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Belgian Study Supports Use of Guided Imagery for Rehab with Parkinson’s Patients

23 Jan

Because guided motor imagery has recently gained so much attention as a promising new rehabilitation method for patients with neurological disorders, researchers from Katholieke Universiteit in Leuven, Belgium, tested whether patients with Parkinson’s Disease had the capacity for doing imagery, in spite of impaired basal ganglia function.

A total of 14 patients with early- and mid-stage PD (Hoehn and Yahr 1-3) and 14 healthy controls were evaluated by means of an extensive imagery ability assessment battery, consisting of 2 questionnaires, the Chaotic Motor Imagery Assessment battery, and a test based on mental chronometry.

The study found that the PD patients performed the imagery tasks more slowly than the controls, but that their motor imagery vividness and accuracy were well preserved.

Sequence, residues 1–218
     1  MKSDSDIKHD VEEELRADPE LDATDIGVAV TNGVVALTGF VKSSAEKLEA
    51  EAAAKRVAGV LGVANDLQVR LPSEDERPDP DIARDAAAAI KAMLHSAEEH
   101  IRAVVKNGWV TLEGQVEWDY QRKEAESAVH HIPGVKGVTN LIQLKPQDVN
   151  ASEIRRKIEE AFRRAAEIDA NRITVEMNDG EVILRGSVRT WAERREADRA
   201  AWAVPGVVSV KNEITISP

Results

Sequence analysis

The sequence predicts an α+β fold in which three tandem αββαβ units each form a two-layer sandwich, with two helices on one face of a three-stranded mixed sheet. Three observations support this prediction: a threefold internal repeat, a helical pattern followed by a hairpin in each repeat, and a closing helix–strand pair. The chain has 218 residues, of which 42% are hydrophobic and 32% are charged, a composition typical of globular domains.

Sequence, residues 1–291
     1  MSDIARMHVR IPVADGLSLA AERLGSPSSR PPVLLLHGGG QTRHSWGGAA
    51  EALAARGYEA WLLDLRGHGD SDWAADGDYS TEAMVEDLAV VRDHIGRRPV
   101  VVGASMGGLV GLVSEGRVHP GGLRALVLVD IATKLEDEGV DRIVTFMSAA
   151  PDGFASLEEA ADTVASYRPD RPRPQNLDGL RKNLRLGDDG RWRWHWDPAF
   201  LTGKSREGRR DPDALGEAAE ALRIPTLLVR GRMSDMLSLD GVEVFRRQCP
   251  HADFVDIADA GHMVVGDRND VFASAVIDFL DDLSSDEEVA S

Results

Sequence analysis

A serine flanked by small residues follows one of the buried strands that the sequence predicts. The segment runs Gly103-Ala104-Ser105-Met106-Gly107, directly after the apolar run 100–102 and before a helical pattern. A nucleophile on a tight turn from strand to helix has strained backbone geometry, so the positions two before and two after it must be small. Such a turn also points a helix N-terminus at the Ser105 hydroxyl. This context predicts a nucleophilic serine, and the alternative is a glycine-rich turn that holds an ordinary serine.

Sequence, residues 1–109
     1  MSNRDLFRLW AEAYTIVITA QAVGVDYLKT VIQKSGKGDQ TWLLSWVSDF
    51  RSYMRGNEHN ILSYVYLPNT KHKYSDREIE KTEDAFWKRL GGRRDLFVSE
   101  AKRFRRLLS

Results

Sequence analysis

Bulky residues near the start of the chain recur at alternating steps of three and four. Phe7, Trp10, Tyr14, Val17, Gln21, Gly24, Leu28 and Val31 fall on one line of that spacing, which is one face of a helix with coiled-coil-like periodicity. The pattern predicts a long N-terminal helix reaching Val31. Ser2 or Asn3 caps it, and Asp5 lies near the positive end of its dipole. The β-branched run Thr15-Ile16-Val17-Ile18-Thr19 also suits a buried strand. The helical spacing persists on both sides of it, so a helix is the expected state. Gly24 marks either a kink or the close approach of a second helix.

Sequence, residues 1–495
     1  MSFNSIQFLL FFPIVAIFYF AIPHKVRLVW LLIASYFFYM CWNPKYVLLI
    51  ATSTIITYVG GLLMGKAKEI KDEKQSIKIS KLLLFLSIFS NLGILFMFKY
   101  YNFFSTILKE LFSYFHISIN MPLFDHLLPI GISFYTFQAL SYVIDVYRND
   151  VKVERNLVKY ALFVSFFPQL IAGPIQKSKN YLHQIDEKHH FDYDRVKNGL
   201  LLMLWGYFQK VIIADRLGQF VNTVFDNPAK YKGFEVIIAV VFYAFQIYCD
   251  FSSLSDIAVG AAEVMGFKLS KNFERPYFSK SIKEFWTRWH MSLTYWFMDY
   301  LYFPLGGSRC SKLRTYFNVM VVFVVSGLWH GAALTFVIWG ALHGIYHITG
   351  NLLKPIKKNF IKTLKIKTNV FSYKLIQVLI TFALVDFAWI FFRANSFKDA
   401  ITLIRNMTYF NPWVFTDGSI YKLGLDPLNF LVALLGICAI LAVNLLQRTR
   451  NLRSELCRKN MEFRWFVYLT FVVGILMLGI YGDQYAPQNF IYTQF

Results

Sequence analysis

These results support the potential for using  guided motor imagery practice in the rehabilitation of patients with PD.

Citation:  Heremans E, Feys P, Nieuwboer A, Vercruysse S, Vandenberghe W, Sharma N, Helsen W. Motor imagery ability in patients with early- and mid-stage Parkinson disease. Neurorehabilitation and Neural Repair. 2011 Feb;25 (2): pages 168-77.

Belleruth Naparstek

Psychotherapist, author and guided imagery pioneer Belleruth Naparstek is the creator of the popular Health Journeys guided imagery audio series. Her latest book on imagery and posttraumatic stress, Invisible Heroes: Survivors of Trauma and How They Heal (Bantam Dell), won the Spirituality & Health Top 50 Books Award